SOLSTICE – A Long-term Follow-up Study to Evaluate the Safety and Efficacy of Retinal Gene Therapy in Subjects with Choroideremia Previously Treated with Adeno-Associated Viral Vector Encoding Rab Escort Protein-1 (AAV2-REP1) and in Subjects with X-Linked Retinitis Pigmentosa Previously Treated with Adeno-Associated Viral Vector Encoding RPGR(AAV8-RPGR) in an Antecedent Study.
The purpose of this study is to see whether the experimental gene therapy (AAV2-REP1) is safe and effective for people with CHM over a long-term period of 5 years post treatment. This study also includes participants diagnosed with X-linked retinitis pigmentosa (XLRP) that have been treated in the past with an experimental gene therapy called Adeno-Associated Viral Vector (AAV8) Encoding Retinitis Pigmentosa GTPase Regulator RPGR (AAV8-RPGR).
MAPS – Structural and Functional Progression of Glaucomatous Damage to the Macula.
The overall goal of MAPS is to improve the sensitivity and specificity of glaucoma diagnosis and progression detection through the evaluation of structural and functional damage to the macula by developing a longitudinal dataset from healthy controls and patients with early functional glaucomatous damage and testing the hypothesis that monitoring central progression is more accurate and less time-consuming than currently employed methods.
Vitamin B3/Pyruvate – Nutritional Supplements and Performance During Visual Field Testing
The Columbia Ophthalmology Glaucoma Division and Clinical Trials Unit is conducting a clinical research study to test if nutritional supplements are a safe and effective therapy for preventing worsening of visual field loss related to glaucoma and for restoring visual function in glaucoma.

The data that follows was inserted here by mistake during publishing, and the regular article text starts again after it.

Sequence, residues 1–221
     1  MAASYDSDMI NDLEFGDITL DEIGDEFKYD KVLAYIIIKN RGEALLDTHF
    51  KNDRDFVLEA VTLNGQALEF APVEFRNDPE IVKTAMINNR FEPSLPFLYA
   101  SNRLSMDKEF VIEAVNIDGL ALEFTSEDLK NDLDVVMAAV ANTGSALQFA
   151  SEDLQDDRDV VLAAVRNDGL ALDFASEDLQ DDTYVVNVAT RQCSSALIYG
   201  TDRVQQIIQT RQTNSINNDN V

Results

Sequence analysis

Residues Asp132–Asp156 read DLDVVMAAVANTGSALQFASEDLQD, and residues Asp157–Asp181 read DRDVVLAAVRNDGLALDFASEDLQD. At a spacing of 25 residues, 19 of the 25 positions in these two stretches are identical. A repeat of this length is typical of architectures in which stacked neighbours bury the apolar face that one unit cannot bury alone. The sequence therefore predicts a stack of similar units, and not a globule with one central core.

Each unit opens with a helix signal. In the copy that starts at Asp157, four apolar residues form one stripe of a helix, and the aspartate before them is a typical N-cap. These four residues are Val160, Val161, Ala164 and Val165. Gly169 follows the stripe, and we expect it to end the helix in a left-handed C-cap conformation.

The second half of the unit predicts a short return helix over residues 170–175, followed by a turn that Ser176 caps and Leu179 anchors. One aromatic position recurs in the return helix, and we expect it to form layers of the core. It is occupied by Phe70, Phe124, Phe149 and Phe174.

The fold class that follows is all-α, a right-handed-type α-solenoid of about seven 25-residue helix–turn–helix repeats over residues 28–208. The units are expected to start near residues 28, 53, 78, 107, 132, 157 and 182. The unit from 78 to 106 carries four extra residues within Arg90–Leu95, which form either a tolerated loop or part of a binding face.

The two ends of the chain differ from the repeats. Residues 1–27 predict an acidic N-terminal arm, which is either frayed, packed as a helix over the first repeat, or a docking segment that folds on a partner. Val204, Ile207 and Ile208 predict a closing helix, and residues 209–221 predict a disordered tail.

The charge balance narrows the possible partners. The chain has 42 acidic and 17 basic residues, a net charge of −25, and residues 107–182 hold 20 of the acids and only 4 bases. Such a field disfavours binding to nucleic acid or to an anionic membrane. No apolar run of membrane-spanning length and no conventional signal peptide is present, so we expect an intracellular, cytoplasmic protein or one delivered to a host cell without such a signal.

The supplements, nicotinamide (vitamin B3) and pyruvate, have been used for conditions such as dementia, diabetes, and high blood pressure. In a pilot study (De Moraes CG et al. JAMA Ophthalmology. 2022 Jan 1;140(1):11-18, https://pubmed.ncbi.nlm.nih.gov/34792559/) at Columbia Ophthalmology, patients on these supplements experienced visual field improvement as compared to those on placebo.
Participants in this randomized clinical trial will receive either a combination of nicotinamide and pyruvate or placebo for a period of 20 months. This study consists of in-person visits to theNYC offices (880 3rd Avenue or 635 West 165th Street) and periodic phone calls for the purposes of the study and for usual glaucoma care. Participants will receive the study supplements and study-related tests and exams at no cost.
You may be eligible for the study if you meet the following criteria:
- Are between 35-85 years of age